Uncategorized | August 01, 2005

In October 2002, Tom Montag left a career in the printing industry to devote himself full-time over five years to a project he calls “Vagabond in the Middle: An Expedition Into the Heart of the Middle West.” In the nearly three years since, Montag has been traveling what he considers to be the Middle West (certainly there is debate about the exact boundaries) in an attempt to define what it means to be Midwestern. Montag has selected one “focus community” in each of twelve states: Eaton, Ohio; Fowler, Indiana; L’Anse, Michigan; Ripon, Wisconsin; Vandalia, Illinois; Maysville, Missouri; Emmetsburg, Iowa; Alexandria, Minnesota; Rugby, North Dakota; Redfield, South Dakota; West Point, Nebraska; and Smith Center, Kansas.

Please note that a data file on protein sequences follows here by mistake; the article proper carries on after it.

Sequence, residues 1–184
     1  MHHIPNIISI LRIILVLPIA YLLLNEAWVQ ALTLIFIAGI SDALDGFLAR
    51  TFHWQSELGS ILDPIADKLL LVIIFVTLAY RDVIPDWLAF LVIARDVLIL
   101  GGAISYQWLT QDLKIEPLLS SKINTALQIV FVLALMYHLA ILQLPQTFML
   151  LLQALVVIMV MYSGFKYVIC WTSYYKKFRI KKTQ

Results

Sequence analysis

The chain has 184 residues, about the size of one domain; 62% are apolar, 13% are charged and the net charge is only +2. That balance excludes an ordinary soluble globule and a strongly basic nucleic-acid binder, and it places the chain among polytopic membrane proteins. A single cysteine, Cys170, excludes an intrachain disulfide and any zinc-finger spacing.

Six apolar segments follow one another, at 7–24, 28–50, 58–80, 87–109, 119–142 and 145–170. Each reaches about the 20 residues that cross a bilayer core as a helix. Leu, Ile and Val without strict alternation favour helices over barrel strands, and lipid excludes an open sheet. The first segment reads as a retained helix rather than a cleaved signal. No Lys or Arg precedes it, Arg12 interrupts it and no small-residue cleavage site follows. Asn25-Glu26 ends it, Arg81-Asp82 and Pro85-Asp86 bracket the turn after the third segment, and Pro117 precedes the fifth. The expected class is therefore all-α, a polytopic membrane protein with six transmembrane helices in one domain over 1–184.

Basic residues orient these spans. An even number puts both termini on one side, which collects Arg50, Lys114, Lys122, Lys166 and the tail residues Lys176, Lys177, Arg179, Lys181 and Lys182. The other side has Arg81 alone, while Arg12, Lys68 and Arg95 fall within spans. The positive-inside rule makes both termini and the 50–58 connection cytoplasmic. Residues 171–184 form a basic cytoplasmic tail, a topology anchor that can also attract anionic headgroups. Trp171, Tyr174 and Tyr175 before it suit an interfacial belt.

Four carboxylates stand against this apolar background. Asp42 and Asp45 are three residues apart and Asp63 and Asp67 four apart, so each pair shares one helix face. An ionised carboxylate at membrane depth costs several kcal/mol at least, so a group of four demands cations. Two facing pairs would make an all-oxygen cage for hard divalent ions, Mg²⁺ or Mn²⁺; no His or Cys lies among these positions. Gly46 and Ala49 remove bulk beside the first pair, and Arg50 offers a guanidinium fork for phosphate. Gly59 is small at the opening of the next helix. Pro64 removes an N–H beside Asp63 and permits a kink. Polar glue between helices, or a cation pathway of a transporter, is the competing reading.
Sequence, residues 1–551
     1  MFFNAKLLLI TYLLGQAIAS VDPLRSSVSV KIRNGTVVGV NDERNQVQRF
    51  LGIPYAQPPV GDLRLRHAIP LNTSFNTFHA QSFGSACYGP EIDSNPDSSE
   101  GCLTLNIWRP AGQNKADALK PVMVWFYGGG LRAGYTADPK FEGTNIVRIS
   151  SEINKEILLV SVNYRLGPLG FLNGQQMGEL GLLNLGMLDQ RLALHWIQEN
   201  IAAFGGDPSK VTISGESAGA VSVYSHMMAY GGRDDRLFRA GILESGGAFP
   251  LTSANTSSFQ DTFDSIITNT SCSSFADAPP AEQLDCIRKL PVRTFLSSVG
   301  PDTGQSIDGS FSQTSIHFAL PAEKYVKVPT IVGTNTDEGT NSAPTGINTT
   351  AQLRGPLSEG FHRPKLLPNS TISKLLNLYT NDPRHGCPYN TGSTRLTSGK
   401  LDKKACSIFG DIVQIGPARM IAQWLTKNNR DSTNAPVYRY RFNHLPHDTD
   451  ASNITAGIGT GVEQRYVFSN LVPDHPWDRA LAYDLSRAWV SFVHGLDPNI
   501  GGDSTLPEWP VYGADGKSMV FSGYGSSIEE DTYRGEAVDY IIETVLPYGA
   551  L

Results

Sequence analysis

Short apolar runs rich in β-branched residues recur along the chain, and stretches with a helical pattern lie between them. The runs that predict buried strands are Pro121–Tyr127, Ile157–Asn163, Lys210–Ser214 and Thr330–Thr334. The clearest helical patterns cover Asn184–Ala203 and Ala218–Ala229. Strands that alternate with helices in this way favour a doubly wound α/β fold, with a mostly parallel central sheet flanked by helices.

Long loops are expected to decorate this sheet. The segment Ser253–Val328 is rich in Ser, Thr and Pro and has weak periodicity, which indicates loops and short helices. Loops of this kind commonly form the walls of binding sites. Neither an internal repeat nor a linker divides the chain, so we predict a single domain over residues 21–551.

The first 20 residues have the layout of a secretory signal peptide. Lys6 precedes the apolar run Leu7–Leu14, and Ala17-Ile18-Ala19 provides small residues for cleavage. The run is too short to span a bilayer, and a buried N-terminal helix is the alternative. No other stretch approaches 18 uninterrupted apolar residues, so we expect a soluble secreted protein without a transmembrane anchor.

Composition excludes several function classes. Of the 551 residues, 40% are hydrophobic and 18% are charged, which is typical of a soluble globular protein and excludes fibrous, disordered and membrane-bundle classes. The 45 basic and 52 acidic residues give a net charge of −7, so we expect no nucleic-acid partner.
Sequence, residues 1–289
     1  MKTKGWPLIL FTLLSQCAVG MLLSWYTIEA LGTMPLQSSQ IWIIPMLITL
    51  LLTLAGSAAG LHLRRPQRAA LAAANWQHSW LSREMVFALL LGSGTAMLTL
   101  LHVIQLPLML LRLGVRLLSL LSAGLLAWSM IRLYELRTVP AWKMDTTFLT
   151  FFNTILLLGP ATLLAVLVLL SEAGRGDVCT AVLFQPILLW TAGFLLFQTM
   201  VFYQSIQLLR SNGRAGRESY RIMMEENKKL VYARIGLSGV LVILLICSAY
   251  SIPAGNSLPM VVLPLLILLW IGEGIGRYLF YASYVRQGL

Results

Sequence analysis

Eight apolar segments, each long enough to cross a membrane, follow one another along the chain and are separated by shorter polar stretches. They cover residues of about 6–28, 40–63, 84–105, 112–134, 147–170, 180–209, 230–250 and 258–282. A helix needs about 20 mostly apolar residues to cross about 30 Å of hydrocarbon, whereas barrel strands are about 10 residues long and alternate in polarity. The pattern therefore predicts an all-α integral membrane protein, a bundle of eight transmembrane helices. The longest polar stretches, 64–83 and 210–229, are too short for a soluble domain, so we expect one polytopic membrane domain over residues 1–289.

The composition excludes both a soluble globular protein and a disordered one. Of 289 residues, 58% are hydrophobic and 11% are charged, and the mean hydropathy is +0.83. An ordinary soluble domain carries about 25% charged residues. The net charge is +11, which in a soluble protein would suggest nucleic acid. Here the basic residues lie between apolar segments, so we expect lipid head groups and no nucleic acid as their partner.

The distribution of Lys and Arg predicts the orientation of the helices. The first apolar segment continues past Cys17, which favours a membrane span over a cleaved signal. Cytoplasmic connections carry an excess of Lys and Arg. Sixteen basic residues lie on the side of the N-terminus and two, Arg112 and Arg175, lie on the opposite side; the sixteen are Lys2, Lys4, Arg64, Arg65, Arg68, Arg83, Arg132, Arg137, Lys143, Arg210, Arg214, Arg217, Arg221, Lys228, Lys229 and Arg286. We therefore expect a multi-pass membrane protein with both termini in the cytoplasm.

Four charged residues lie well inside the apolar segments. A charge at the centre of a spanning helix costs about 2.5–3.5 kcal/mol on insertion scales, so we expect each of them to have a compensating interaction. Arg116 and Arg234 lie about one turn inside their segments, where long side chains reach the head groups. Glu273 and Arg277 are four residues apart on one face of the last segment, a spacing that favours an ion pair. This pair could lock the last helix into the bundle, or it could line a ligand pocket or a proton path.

Montag describes his process as follows: “I will attempt to: (1) understand the history of each community from both the written sources and by way of oral history; (2) understand the current situation of each community by analyzing the content of each community’s newspaper over a five year period; (3) understand the character of each community’s residents by way of a written survey, formal interviews, and informal conversation; and (4) spend several weeks to several months in each community, observing the life and rhythms of each place. This last I call ‘poking about.’ William Least Heat Moon might call it ‘deep history.’ Vagabond will always be about the true stories of our lives, here; the effort will be a sustained expedition.”

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